Saturday, April 23, 2011

Yao Jiaxin, a 21-year-old student at the Xi’an Conservatory of Music, was sentenced to death on Friday. Yao, from Xi’an in China’s Shaanxi province, was convicted of homicide after stabbing a cyclist to death.

On the night of October 20, 2010, Yao ran into 26-year-old cyclist and mother of a two-year-old, Zhang Miao, while driving his car. After he saw her writing down his vehicle’s license plate number following the accident, he feared she would report him, and proceeded to murder her by stabbing her six times. Prior to her murder, Zhang had suffered only minor injuries in the accident, according to police.

On October 23, after being accused of murdering her, Yao went to the local police station with his parents and confessed to the crime. He said he killed Zhang because she had seen his license plate number, and he feared that the “peasant woman would be hard to deal with.”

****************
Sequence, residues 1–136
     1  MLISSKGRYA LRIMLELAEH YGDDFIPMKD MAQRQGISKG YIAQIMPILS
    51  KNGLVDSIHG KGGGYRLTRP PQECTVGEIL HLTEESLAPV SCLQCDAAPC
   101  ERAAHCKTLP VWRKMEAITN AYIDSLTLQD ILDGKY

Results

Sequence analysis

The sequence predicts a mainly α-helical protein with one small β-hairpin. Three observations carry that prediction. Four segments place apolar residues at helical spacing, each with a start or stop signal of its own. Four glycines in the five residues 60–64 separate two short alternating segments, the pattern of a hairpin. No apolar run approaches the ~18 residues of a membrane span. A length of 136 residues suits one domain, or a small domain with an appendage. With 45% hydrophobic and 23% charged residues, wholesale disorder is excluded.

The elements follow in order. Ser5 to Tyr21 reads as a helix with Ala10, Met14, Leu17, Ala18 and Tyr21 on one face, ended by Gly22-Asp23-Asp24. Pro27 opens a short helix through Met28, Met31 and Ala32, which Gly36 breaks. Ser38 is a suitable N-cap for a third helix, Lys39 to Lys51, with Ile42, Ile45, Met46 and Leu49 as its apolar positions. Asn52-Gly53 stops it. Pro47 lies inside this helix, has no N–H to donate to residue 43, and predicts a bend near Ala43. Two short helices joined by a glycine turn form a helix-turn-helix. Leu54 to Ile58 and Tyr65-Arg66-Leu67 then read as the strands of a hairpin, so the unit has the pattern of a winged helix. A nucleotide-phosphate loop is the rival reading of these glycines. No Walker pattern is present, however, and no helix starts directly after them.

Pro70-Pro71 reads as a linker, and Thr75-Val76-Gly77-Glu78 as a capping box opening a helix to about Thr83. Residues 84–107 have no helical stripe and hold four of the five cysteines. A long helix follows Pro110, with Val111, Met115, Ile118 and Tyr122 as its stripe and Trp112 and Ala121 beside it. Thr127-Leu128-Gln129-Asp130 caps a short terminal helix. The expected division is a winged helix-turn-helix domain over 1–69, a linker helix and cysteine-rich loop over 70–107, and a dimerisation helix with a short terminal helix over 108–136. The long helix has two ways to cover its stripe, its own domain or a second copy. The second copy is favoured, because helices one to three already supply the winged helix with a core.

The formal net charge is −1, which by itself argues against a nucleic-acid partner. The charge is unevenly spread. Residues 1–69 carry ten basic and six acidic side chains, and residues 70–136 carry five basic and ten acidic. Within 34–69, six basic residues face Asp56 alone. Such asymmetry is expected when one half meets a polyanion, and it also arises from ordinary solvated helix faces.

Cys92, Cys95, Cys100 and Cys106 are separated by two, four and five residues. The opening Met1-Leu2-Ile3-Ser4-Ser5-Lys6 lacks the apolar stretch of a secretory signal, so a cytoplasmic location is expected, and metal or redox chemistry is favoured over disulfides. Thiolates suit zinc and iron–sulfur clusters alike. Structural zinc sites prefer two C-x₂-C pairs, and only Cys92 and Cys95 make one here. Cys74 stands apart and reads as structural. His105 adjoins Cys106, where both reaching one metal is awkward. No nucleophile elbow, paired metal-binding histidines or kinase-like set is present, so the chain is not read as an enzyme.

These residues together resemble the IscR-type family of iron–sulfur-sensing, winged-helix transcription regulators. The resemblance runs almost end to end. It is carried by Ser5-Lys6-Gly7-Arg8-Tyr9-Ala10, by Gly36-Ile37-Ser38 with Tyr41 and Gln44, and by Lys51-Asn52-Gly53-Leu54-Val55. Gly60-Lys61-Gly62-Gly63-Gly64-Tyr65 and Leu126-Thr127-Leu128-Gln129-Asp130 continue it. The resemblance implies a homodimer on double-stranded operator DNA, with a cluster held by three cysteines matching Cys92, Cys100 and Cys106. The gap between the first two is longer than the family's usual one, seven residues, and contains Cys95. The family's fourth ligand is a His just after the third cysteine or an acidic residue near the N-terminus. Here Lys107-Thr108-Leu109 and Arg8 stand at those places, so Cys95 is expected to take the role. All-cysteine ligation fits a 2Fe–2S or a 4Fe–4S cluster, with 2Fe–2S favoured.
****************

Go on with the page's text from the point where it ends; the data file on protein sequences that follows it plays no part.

During a three-hour trial on March 23, 2011, Yao’s lawyer pleaded for a lenient sentence, saying it was a “crime of passion.” Yao tearfully described how he had been forced to play the piano, leading him to thoughts of suicide. But prosecutors and judges said Yao did not deserve leniency, as he had not attempted to help the woman after the accident but instead murdered her.

Public passions were raised and some thought Yao would get off through the influence of his family. The case triggered a public debate over the death penalty.

“The motive is extremely despicable¬†… the measures are extremely cruel¬†… and the consequence is extremely serious,” said the court in its judgment.

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